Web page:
The Independent Brewing Company of Ireland (IBCI) has won first place in the Best Ale and Lager category at the recent Irish Quality Food and Drink Awards in Dublin, with its Independent Stout. Independent Pale Ale was also shortlisted at the Awards Ceremony, held in Dublin’s Mansion House. Independent Stout’s award marks the second time that the ale has come out on top, having achieved the Silver medal at the Global Craft Brewers Awards in Berlin last July. The company admitted that it had always planned to brew a Stout, but began with three core beers: Independent Pale Ale (6% ABV), Independent Red (4.5% ABV) and Independent Gold (4.5% ABV). The Irish Quality Food and Drinks Awards aims to recognise excellence in product development for food and drink producers, retailers and catering companies in Ireland.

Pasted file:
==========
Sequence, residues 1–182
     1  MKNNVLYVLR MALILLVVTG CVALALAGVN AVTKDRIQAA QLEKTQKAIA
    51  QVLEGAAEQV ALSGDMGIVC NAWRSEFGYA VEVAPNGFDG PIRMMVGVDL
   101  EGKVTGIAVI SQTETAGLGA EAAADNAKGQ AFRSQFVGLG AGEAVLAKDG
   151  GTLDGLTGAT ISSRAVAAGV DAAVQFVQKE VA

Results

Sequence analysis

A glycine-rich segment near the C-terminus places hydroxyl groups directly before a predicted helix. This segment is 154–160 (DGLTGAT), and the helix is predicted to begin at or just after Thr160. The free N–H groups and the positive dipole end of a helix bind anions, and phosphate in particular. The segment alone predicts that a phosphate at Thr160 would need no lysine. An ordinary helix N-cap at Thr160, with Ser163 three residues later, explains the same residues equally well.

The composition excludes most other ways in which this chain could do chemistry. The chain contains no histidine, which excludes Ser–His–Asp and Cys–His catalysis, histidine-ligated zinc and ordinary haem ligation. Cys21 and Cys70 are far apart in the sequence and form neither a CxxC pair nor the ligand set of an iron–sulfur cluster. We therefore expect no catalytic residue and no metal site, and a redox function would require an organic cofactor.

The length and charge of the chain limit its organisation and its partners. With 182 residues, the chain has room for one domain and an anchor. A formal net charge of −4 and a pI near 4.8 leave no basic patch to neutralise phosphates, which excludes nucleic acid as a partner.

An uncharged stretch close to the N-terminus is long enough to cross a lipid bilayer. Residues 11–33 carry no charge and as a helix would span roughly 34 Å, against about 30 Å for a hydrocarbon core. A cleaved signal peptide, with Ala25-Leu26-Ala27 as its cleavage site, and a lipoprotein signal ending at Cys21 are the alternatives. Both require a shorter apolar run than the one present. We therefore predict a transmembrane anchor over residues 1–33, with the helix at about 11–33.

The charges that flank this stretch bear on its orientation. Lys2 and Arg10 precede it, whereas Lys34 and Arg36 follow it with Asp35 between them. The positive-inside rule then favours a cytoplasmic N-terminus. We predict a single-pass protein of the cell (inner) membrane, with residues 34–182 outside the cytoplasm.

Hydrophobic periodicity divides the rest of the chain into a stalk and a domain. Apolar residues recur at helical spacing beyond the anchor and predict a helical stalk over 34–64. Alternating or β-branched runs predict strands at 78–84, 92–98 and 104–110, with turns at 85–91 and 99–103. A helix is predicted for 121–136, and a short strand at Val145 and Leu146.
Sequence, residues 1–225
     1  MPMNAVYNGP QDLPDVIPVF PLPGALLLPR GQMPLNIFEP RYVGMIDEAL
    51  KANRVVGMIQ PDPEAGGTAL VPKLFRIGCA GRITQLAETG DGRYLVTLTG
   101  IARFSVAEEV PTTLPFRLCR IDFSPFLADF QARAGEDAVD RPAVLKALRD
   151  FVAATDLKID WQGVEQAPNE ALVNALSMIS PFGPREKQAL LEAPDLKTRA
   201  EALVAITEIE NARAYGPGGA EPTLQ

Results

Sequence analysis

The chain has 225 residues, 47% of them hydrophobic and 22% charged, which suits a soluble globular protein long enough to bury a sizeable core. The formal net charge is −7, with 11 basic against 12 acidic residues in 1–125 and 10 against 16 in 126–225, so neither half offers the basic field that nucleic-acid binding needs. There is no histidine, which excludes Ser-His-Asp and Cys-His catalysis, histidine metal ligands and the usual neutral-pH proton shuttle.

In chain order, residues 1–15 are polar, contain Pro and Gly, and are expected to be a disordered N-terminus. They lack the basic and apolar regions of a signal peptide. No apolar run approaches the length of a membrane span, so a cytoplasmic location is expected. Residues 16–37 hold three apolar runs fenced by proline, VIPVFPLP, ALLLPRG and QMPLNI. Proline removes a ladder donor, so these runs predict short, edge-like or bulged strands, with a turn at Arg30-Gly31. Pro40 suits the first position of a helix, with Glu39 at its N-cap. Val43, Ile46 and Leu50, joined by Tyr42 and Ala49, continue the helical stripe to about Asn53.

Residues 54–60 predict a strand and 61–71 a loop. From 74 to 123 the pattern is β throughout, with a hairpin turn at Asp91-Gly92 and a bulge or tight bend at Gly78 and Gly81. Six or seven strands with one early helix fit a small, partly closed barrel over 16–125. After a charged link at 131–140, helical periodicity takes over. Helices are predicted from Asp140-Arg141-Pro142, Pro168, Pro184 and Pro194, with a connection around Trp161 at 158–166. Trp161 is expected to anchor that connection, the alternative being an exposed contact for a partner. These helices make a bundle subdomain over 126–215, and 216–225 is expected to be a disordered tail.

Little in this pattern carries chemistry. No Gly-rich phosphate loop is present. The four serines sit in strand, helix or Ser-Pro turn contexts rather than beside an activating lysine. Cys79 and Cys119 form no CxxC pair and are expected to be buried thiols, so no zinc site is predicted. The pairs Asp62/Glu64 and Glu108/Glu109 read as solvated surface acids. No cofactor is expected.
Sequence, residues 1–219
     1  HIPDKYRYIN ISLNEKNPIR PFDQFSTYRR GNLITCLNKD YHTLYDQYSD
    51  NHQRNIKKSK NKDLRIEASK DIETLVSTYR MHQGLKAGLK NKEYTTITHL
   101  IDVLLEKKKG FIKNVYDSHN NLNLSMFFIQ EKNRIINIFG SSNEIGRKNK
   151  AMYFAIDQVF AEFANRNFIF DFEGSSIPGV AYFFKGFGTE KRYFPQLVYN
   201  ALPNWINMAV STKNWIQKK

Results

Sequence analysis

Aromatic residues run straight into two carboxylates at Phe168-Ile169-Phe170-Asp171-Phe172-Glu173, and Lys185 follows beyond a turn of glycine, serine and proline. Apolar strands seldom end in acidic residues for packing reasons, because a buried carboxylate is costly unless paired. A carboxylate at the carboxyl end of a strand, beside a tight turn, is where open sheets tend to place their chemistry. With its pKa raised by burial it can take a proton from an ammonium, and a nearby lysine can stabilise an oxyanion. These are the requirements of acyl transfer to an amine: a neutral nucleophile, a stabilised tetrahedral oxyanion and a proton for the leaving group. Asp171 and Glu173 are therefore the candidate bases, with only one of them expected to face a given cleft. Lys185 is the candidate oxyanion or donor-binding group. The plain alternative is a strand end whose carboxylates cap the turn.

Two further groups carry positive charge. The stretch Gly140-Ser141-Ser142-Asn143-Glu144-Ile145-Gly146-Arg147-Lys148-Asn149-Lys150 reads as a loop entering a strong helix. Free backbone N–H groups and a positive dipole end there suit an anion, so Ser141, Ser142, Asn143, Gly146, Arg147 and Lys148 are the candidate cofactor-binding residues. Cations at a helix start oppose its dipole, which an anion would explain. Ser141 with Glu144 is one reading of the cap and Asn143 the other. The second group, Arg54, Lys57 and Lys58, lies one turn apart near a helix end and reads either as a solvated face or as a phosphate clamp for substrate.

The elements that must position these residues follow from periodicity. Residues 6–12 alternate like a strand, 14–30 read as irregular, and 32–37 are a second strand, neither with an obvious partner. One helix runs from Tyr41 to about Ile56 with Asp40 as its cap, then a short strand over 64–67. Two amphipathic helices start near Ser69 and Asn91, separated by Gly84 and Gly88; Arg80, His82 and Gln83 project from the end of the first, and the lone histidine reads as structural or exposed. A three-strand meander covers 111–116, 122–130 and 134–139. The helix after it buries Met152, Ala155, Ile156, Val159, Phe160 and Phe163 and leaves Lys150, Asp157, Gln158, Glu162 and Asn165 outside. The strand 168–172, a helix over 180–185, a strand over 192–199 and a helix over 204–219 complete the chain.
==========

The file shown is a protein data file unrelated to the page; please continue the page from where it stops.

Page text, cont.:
Heineken has launched the ‘Frontier’ initiative, which challenges businesses from all industries to come up with solutions to four briefs, from making drinking in moderation 'cool' to improving the drinking experience in bars. The candidates with winning ideas from each brief will receive a minimum of £50,000 funding, as well as mentoring, with the aim of taking the ideas to market. The brewery hopes the scheme will uncover ideals that match its interactive smart beer bottle and Twitter concierge service @wherenext, to help push the brand into new drinking occasions. Heineken says it is not only targeting startups, but is looking to partner with technology companies “at all ends of the innovation ecosystem”. The company is focusing on ‘mobile’, with a significant portion of its marketing outlay being committed to the channel, as Heineken seeks to exploit the “Internet of Things” trend.